MORE than 600 jobs could be created as major plans for up to three new logistics warehouses at Wingates Industrial Estate have been revealed.

The site of the former Bernstein’s Kitchen Factory, which ceased operations in 2008, could be used for up to 38,768 square meters of warehouse floorspace.

Parcel delivery company Hermes is set to occupy one of two new industrial units for which full planning permission has been sought at Great Bank Road.

A hybrid planning application has been submitted to Bolton Council by planning and development consultancy Lichfields on behalf of UK arm of Panattoni, the largest developer of logistics facilities in Europe.

Matt Grant, senior planner at Lichfield's, described the proposal as an “ambitious project”.

He said: “Approval of this scheme will deliver significant economic benefits and job creation for Bolton, and this economic and social benefit should be given substantial weight in considering the proposals.”

Hermes’ unit, on the west of the site, would consist of a warehouse and office space while a a second unit to the east, for which an occupier has not yet been secured, would have a three-storey office building alongside its warehouse.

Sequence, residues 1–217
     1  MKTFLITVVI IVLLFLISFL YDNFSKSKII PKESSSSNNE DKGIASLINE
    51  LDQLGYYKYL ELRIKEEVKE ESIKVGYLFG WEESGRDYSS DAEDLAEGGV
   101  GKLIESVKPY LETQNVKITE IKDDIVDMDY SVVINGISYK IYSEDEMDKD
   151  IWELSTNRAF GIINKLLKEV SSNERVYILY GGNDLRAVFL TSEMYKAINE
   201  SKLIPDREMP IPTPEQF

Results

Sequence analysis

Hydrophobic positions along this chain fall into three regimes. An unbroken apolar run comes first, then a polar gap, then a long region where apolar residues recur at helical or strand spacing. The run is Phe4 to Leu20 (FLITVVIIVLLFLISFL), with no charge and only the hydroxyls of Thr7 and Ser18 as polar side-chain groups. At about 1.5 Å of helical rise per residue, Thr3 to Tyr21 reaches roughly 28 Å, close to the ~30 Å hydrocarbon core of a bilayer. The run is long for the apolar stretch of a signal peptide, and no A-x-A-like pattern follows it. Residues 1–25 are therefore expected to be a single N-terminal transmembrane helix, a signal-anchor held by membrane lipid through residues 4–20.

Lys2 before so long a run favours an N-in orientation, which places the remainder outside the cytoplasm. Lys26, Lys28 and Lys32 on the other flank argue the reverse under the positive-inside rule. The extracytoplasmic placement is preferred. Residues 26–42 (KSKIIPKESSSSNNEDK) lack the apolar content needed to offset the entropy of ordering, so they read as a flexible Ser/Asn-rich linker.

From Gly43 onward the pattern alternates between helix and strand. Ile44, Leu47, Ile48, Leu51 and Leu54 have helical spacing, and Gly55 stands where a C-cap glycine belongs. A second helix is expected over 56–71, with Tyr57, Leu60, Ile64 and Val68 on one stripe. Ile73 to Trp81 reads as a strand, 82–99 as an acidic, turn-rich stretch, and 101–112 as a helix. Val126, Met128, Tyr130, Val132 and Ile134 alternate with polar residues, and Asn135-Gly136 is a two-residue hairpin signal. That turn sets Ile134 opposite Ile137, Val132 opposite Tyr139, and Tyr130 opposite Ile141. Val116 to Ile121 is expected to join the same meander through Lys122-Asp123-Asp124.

An additional industrial unit of up to 5,000 square metres or additional car parking spaces has also been proposed in an outline application.

The construction phase of the development, valued at around £16m, is expected to create around 140 jobs with a further 160 supply chain jobs.

Once operational, the development is likely to create 615 direct jobs, with a further 250 supply chain jobs, according to Lichfields’ estimates.

Westhoughton North and Chew Moor councillor Bernadette Eckersley-Fallon welcomed the news but raised concerns about local highway infrastructure.

She said: “I’ve got no objections because it’s brownfield. That’s always the preferred way of development.

“Of course, the 615 jobs is brilliant given the current economic predicament with the pandemic.

“But if the warehouses operate 24 hours a day, we are going to have a lot of pollution and a lot of lorries going up the A6.

“We are bottle-necked anyway with lorries and cars going up the A6. I’ve had numerous complaints from residents that the terraced houses are rattling.

“But it’s good news in relation to the jobs and brownfield land being used.”

The site was initially developed in the late 1970s as a single warehouse for the manufacturing and distribution of car parts.

Most recently, it accommodated the Bernstein’s Kitchen Factory, which closed over 10 years ago with the buildings demolished in 2011 after arson attacks.

The disused kitchen factory was targeted by arsonists twice in eight months.